Prohibition

Supreme Court Arguments Expose Plight of Immigrants Deported Over Minor Marijuana Convictions

March 31st, 2010 6 Comments Kate Zawidzki

Today, the U.S. Supreme Court heard arguments in two cases that questioned a harsh federal law requiring the deportation of non-citizens who are convicted of certain crimes, including minor drug violations.

Media reports on those whose lives hang in the balance over these decisions have included one horror story after another about people who in many cases were legal residents of the United States for decades, but were forced to endure brutal treatment and threats of deportation, simply for minor marijuana convictions.

Among the most egregious:

  • Jerry Lemaine, a legal permanent resident of New York who was instructed by a lawyer to plead guilty after a police officer found a marijuana cigarette in his pocket one night in 2007. That guilty plea led to a terrible chain reaction, as reported by The New York Times: “Immigration authorities flew him in shackles to Texas, where he spent three years behind bars, including 10 months in solitary confinement, as he fought deportation to Haiti, the country he had left at age 3,” The Times reported yesterday.
  • Jose Padilla, a native of Honduras who followed his lawyer’s advice to plead guilty to transporting marijuana. Federal agents told Padilla, a Vietnam veteran who has lived in Kentucky for many years, that he faced automatic deportation as soon as he pled guilty.

In the case of Padilla, the court ruled 7-2 today that lawyers must inform their clients about the consequences any case would have on their immigration status.

No opinion was given on the justness of punishing someone for possessing a substance that is safer than alcohol.

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Video

Aaron Houston Argues for Marijuana Reform on Fox News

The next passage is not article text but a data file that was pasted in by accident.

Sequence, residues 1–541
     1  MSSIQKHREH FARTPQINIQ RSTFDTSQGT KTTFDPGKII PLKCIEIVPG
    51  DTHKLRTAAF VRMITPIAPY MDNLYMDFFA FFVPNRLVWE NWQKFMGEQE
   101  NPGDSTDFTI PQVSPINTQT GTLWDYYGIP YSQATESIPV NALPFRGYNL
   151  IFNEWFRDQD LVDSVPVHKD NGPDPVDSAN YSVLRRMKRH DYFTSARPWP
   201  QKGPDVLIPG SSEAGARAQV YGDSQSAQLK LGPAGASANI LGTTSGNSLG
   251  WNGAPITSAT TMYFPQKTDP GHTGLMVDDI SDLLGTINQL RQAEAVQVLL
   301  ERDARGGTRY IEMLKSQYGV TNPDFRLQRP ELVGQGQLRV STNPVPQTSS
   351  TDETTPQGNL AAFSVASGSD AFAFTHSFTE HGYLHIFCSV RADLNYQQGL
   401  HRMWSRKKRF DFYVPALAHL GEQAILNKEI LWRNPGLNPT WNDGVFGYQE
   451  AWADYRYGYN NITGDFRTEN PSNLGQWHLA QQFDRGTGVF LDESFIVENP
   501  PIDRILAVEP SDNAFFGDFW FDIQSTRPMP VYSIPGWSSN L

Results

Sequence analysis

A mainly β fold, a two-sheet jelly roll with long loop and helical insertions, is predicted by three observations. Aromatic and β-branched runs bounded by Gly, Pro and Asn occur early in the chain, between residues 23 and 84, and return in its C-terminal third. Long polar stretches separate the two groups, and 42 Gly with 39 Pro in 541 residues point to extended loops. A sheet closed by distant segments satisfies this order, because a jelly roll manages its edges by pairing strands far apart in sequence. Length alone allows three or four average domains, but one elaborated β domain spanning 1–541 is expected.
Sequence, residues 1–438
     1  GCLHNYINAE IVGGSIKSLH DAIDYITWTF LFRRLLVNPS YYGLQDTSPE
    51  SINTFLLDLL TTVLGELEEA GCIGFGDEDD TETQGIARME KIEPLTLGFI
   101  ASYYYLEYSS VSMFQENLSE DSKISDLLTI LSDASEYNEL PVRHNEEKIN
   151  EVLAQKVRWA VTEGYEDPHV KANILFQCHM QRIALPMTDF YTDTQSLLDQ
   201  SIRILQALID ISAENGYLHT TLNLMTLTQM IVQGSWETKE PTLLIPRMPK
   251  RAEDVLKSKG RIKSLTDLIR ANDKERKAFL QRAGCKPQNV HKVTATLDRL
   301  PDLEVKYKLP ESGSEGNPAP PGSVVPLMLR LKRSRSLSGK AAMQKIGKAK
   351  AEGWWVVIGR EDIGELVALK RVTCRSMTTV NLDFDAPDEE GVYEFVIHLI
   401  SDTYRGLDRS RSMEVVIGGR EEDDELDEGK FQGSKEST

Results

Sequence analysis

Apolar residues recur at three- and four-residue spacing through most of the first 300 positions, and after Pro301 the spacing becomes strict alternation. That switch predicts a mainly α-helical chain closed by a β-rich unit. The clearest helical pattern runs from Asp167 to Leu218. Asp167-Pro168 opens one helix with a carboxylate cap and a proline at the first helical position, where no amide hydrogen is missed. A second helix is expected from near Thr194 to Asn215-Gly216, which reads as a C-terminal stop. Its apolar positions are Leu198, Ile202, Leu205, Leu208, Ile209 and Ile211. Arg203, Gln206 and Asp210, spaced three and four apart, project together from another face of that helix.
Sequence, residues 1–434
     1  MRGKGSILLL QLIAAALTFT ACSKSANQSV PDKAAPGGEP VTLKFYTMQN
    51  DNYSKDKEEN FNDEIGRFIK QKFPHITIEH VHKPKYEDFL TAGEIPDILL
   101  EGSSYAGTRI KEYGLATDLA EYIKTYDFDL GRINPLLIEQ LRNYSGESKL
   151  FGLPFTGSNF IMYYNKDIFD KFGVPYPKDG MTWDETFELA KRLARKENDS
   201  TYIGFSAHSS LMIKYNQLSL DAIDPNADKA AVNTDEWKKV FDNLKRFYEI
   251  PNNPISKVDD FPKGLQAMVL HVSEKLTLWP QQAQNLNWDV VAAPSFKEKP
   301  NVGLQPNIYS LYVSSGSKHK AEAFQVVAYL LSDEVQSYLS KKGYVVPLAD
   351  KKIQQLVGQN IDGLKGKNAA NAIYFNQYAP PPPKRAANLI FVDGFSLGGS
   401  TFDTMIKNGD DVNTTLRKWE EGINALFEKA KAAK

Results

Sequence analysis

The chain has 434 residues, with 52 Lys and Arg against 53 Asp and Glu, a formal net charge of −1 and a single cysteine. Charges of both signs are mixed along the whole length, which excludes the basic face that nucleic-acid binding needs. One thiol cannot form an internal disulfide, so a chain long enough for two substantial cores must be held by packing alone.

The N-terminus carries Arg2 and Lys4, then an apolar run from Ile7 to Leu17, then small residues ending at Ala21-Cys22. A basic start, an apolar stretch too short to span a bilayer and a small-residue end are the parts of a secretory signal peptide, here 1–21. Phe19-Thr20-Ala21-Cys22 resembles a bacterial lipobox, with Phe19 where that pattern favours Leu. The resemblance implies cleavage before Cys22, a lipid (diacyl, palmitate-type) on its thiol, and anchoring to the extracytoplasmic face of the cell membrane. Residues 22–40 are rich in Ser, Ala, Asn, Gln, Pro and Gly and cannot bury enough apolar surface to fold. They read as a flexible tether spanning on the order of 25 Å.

March 30th, 2010 2 Comments Kate Zawidzki

MPP spokesperson Aaron Houston debates Heritage Foundation’s Ernest Istook on the benefits of ending marijuana prohibition and how it would adversely affect the profits of Mexican drug cartels. 03/29/2010

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Prohibition, Tax and Regulate

Officials Being Coy About Extent of Drug Cartels’ Influence

March 29th, 2010 23 Comments Kate Zawidzki

In 2009, the National Drug Intelligence Center’s annual drug threat assessment report stated that Mexican drug cartels operated distribution networks in at least 230 American cities.

This year, the annual report describes how the cartels have since expanded their influence, how they operate in nearly every region of the continental United States, and how they are “active in more cities throughout the country that any other [drug trafficking organizations].”

But, intriguingly, something is missing: the updated number of how many cities in which the cartels now operate. Why wouldn’t the NDIC, which is part of the Department of Justice, make the new number public? Read the rest of this entry »

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Video

Steve Fox on MSNBC News

March 27th, 2010 2 Comments Kate Zawidzki

MPP director of state campaigns Steve Fox debates Brian Darling of the Heritage Foundation on the benefits of ending marijuana prohibition. 03/26/2010

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Video

Aaron Smith Debates Calvina Fay About TaxCannabis2010

March 26th, 2010 No Comments Kate Zawidzki

MPP’s Aaron Smith appears on CNBC debating prohibitionist spokeswoman Calvina Fay about the merits of TaxCannabis 2010, the initiative to tax and regulate marijuana in a manner similar to alcohol. 03/25/2010

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Video

Sarah Lovering Discusses TaxCannabis 2010 on Fox News

March 26th, 2010 2 Comments Kate Zawidzki

MPP’s Sarah Lovering appears on KTTV Fox in LA to discuss the reasons to tax and regulate marijuana like alcohol. Today a ballot initiative, TaxCannabis 2010, was approved that will give California voters the chance to allow adult possession and cultivation of marijuana for recreational purposes. 03/24/2010

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Prohibition, Tax and Regulate

Marijuana Reform Will Appear on California’s November Ballot!

March 24th, 2010 78 Comments Kate Zawidzki

Today, the California Secretary officially certified the Regulate, Control, and Tax Cannabis Act of 2010 for the state’s November ballot. This means that on November 2, Californians will be able to vote to send marijuana prohibition to the ash heap of history!

The groundbreaking initiative would make personal possession and cultivation of marijuana legal for adults over 21 in California. It would also allow cash-strapped cities and counties to tax and regulate marijuana sales in order to reap millions in new tax revenues. The proposition will also call on the legislature to enact a statewide system to tax and regulate marijuana.

Will the nation’s largest state finally create a legal market – complete with tens of thousands of new jobs – for what’s already its top cash crop?

We sure hope so!

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Prohibition

Breaking NFL News! Some College Students Use Marijuana!